Treatment modification after starting cART in people living with HIV: retrospective analysis of the German ClinSurv HIV Cohort 2005-2017

Infection. 2020 Oct;48(5):723-733. doi: 10.1007/s15010-020-01469-6. Epub 2020 Jul 1.


Objective: Combination antiretroviral therapy (cART) has markedly increased survival and quality of life in people living with HIV. With the advent of new treatment options, including single-tablet regimens, durability and efficacy of first-line cART regimens are evolving.

Methods: We analyzed data from the prospective multicenter German Clinical Surveillance of HIV Disease (ClinSurv) cohort of the Robert-Koch Institute. Kaplan-Meier and Cox proportional hazards models were run to examine the factors associated with treatment modification. Recovery after treatment initiation was analyzed comparing pre-cART viral load and CD4+ T-cell counts with follow-up data.

Results: We included 8788 patients who initiated cART between 2005 and 2017. The sample population was predominantly male (n = 7040; 80.1%), of whom 4470 (63.5%) were reporting sex with men as the transmission risk factor. Overall, 4210 (47.9%) patients modified their first-line cART after a median time of 63 months (IQR 59-66). Regimens containing integrase strand transfer inhibitors (INSTI) were associated with significantly lower rates of treatment modification (adjusted hazard ratio 0.44; 95% CI 0.39-0.50) compared to protease inhibitor (PI)-based regimens. We found a decreased durability of first-line cART significantly associated with being female, a low CD4+ T-cell count, cART initiation in the later period (2011-2017), being on a multi-tablet regimen (MTR).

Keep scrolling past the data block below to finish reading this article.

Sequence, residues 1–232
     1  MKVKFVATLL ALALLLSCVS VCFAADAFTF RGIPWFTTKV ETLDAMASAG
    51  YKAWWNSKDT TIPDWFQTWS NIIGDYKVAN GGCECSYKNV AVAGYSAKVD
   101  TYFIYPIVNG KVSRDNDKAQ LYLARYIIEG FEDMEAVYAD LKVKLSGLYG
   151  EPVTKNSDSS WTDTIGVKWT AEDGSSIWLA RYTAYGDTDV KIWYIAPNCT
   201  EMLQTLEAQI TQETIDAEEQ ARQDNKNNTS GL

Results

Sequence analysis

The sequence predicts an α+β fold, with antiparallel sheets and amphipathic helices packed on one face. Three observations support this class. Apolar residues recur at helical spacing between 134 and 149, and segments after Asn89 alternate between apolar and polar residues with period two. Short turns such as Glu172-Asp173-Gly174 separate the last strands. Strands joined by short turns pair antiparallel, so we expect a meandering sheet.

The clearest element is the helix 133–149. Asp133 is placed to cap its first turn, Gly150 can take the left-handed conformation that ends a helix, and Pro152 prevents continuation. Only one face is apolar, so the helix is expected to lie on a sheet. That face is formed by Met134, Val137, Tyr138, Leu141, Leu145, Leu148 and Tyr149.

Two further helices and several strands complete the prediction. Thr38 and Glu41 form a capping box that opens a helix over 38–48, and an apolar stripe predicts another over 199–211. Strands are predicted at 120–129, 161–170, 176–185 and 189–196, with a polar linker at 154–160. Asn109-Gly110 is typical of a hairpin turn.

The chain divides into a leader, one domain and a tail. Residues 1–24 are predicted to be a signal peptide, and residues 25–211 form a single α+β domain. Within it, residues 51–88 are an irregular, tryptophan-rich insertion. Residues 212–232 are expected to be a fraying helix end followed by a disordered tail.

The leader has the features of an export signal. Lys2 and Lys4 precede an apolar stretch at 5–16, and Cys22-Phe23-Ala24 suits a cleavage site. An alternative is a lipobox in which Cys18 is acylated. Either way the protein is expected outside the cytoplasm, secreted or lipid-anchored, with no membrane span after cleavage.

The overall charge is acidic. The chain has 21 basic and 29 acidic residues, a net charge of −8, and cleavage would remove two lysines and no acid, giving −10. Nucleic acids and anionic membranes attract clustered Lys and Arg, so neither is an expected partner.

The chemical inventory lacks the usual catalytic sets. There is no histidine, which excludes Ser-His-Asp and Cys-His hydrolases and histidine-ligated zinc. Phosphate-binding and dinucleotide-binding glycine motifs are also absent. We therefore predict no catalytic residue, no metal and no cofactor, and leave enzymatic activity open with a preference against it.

Conclusions: Drug class and MTRs are significantly associated with treatment modification. INSTI-based regimens showed to be superior compared to PI-based regimens in terms of durability.

Keywords: First-line regimen; HIV; Treatment modification; cART.

Publication types

  • Multicenter Study

MeSH terms

  • Adult
  • Anti-HIV Agents / therapeutic use*
  • Cohort Studies
  • Female
  • Germany
  • HIV Infections / drug therapy*
  • Humans
  • Male
  • Middle Aged
  • Retrospective Studies
  • Viral Load*


  • Anti-HIV Agents